Charm City Devils play a low-dough show ($5) at The Basement on Sunday night. Doors are at 7pm.
The legacy of late ’80s/early ’90s hair rock is alive and well in Charm City Devils’ sophomore release, SINS, released earlier this month, though the John Allen-led band brings enough modern flair to the 11 tracks to be considered peers with artists like Shinedown, Theory of a Deadman, Egypt Central, and Five Finger Death Punch.
Allen and guitarist Nick Kay got their start in the late ’80s in the Baltimore band Child’s Play (watch “Rat Race” from the 1990 album of the same name) and did the requisite touring in shacks such as the Alrosa Villa and the Empire Concert Club in Cleveland where I saw them with Every Mother’s Nightmare.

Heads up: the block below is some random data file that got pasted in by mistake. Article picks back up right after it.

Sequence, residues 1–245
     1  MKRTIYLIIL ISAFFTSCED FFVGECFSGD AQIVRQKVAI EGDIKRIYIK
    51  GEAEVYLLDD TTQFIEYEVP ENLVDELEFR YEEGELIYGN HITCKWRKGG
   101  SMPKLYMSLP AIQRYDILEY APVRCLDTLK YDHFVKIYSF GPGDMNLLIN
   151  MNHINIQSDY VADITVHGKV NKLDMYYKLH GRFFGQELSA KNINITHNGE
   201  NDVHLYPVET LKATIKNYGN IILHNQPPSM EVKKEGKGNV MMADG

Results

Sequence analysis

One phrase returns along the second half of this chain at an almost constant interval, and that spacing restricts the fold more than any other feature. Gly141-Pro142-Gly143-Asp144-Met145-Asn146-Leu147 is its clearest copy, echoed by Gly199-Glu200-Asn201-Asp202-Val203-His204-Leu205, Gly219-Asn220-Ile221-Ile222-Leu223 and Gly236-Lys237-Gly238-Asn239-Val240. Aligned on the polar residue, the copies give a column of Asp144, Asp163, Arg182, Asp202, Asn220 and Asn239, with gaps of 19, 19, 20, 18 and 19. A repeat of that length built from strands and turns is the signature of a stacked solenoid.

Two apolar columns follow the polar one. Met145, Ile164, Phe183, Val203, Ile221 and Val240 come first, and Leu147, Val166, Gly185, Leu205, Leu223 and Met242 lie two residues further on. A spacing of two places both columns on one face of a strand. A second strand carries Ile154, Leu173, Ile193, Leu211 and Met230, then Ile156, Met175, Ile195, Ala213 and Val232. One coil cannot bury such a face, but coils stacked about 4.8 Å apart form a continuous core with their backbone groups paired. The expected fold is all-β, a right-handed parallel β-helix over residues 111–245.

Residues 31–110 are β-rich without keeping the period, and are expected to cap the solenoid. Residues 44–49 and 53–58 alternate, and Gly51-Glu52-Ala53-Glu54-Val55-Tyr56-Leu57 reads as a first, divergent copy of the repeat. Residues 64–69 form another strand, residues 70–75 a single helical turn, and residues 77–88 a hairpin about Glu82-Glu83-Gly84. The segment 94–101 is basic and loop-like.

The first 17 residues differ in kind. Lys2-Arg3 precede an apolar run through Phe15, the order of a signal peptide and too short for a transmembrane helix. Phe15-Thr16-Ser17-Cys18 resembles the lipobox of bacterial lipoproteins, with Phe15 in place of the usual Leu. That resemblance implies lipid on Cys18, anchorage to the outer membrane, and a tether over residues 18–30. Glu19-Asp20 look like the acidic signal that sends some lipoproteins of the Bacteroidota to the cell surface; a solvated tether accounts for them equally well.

After a stint in SR-71, where Allen helped write “1985”, a track Bowling for Soup would cover and turn into a hit, the drummer got out from behind the kit and started Charm City Devils as the lead singer. The band caught the attention of Motley Crue’s Nikki Sixx who signed them to his Eleven Seven label and released Let’s Rock-N-Roll in 2009.
The songs on SINS, released on the band’s own Fat Lady Music label, sound like a mix of Velvet Revolver and Bon Jovi – working class rock n’ roll that should fill every inch of packed arenas. From the propulsive opener “Spite” to the bluesy stomp of “Devil is a Woman”, SINS should appeal to those – in this era of autotuning and keyboard-driven pop drivel – who miss the lack of guitars in popular music. Of note is the much-buzzed/much-blogged about first single, a modernized take on “Man of Constant Sorrow” originally found on the “O Brother Where Art Thou?” soundtrack. It’s an interesting take but not even my favorite song on the album – I’d go with “Blame” or the power ballad “All You’ll Ever Need” (there can never be too many power ballads, in my opinion!).
If you’re a Spotify subscriber, you can listen to SINS below (if you don’t have Spotify already open, it’ll launch for you).